The Effect – Project Arts Theatre – Review by P McGovern
Rough Magic’s production of Lucy Prebble’s The Effect is a compelling theatrical experience. It rivets our attention from beginning to end, engaging the head and the heart, making us unsure about what we think and what we feel – or what we think we feel.
The plot centres on the research experiments of a major drug company involved in psycho-pharmacology. The integrity of big pharma-chemical companies and their researchers is under the microscope. Central to the play is the whole question of the effect of anti-depressant drugs and the extent to which their effects alter or manipulate the “real” us – if there is such a thing, in the first place. Can we trust our feelings if our actions are determined by the shifting chemicals in our brains, whether natural or induced? It examines the overlaps and intersections between love, romance and sex.
A young man and a young woman, volunteers Connie (Siobhán Cullen) and Tristan (Donal Gallery), are waiting for the drug trial to begin. They seem vaguely bored, or at least uninterested in what they have undertaken. However, the battery of screen monitors overhead, flashing the name of the company as they count down to zero-hour should alert us to the possibility that this is just the calm before an emotional storm. Both performances are top-rate, moving through a whole gamut of emotions from quiet introspection to raging outbursts, from self-doubt to assumed confidence and back again. Moments of emotional and sexual intimacy that could so easily be clumsy and embarrassing are handled with deftness and composure.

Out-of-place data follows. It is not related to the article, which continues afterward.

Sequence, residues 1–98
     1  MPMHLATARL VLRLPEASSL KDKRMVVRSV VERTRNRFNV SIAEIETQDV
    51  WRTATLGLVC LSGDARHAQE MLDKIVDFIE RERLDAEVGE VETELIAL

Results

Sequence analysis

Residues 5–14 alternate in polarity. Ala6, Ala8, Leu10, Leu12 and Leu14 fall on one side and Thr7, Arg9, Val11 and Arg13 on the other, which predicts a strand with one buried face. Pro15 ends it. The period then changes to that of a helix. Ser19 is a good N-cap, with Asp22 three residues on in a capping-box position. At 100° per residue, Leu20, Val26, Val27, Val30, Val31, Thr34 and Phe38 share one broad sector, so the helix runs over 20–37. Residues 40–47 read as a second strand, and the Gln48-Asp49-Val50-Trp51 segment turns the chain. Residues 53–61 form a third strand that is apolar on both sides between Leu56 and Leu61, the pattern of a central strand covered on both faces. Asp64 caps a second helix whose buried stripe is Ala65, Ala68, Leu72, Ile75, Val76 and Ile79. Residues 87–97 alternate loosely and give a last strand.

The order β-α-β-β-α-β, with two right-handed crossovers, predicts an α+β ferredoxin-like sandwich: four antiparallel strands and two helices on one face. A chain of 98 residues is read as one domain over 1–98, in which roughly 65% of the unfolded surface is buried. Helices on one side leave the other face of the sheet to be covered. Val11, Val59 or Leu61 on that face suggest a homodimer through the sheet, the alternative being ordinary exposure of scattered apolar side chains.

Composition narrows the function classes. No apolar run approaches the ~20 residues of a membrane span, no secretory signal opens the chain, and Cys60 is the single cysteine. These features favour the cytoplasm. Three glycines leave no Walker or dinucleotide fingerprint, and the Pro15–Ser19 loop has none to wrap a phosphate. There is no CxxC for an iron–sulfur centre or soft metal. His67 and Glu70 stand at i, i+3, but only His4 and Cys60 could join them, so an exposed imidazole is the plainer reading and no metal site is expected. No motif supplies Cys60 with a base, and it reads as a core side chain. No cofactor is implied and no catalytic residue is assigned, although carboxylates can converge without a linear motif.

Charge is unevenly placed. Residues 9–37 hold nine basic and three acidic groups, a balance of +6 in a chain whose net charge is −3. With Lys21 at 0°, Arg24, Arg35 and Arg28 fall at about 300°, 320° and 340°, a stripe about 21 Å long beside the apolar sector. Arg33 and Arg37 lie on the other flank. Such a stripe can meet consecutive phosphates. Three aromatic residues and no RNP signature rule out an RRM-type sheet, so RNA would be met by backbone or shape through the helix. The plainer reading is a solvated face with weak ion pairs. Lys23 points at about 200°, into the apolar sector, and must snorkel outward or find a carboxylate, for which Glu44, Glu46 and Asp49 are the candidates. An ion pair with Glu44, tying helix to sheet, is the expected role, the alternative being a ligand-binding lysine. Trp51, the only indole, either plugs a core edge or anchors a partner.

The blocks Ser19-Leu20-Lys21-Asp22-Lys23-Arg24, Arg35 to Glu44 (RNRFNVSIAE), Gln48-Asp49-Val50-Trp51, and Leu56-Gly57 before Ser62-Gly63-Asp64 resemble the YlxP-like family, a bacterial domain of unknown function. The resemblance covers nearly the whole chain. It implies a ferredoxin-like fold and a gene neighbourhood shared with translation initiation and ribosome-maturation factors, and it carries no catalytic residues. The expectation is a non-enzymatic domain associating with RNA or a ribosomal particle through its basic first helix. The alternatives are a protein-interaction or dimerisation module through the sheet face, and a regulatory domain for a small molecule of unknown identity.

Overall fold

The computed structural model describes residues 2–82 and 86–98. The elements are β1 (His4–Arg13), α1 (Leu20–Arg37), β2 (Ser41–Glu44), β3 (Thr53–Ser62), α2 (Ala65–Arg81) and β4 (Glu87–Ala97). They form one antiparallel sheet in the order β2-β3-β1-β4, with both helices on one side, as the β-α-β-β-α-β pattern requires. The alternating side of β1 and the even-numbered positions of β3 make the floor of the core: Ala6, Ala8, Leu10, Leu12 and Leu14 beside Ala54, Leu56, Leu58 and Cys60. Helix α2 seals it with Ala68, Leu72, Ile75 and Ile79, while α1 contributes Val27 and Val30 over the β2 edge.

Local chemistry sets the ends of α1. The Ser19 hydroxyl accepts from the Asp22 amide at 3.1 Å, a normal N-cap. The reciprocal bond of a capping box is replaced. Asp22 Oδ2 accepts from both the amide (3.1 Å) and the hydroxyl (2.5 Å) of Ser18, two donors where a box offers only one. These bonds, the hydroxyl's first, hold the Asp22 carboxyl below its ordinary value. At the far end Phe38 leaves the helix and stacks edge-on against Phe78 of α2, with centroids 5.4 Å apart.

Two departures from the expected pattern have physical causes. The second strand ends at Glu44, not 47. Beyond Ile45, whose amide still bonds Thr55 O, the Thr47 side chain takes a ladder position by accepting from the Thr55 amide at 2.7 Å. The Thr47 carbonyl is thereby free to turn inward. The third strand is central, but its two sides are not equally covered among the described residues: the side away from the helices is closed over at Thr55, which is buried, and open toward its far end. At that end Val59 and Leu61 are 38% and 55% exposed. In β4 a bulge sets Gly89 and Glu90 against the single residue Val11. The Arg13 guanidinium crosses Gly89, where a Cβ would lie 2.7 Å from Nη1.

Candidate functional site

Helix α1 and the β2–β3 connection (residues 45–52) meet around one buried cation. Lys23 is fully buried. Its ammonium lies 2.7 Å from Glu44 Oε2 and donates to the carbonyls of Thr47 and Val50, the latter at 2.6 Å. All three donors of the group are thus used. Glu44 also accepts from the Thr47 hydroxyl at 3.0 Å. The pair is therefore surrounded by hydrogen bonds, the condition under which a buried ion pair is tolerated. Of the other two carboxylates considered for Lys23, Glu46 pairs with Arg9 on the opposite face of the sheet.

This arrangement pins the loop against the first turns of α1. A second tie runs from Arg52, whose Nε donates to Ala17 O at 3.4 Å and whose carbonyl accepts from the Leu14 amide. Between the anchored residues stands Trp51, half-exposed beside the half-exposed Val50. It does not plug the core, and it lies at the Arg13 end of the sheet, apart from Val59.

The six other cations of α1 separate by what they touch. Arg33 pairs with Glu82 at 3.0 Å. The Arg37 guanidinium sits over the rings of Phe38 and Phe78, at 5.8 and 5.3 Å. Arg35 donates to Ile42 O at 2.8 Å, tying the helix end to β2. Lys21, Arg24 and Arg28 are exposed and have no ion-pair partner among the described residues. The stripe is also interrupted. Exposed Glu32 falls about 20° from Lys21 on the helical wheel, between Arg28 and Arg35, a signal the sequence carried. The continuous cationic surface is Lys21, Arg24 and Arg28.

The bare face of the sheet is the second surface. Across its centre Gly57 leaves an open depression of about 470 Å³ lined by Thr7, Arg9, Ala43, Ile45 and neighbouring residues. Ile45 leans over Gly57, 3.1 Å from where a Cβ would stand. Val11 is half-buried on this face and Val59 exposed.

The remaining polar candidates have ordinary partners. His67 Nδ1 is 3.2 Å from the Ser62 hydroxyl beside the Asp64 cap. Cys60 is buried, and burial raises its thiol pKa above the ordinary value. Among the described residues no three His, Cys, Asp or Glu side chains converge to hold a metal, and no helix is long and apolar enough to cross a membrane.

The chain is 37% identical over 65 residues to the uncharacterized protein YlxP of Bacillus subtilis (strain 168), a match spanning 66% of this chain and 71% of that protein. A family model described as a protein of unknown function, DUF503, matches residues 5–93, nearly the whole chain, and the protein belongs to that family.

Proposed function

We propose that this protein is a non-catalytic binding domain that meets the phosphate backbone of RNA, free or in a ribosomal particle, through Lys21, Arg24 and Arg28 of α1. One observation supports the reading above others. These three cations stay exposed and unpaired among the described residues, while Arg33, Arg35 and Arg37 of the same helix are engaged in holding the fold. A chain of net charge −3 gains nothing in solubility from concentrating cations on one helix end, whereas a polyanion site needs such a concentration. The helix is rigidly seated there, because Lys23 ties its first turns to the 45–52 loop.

As the two doctors, Toby and Lorna, Ronan Leahy and Ali White are excellently matched, a complicated mix of professional detachment and passionate involvement, with a shared past that is only intermittently acknowledged. Lorna’s projected appearance of detachment gradually erodes, the truth emerging only at the end.
Sarah Bacon’s set design, with the audience on all four sides, reinforces the impression that we are observing the professional observers and their subjects. In a play with such a hi-tec setting, equipment like flashing screens and bleeping monitors must convince and the AV design by Adam Gibney and Dara Hoban is superb, as is the lighting design by Sarah Jane Shiels and Denis Clohessy’s Music and Sound Design.
Prebble’s writing is as intelligent as it is entertaining – always probing, teasing, keeping us on our toes, forcing us to revise our impressions and confounding our expectations. It is well served by a fine cast, superbly orchestrated by Ronan Phelan’s direction. It deserves to be seen as it continues its run until April 1st.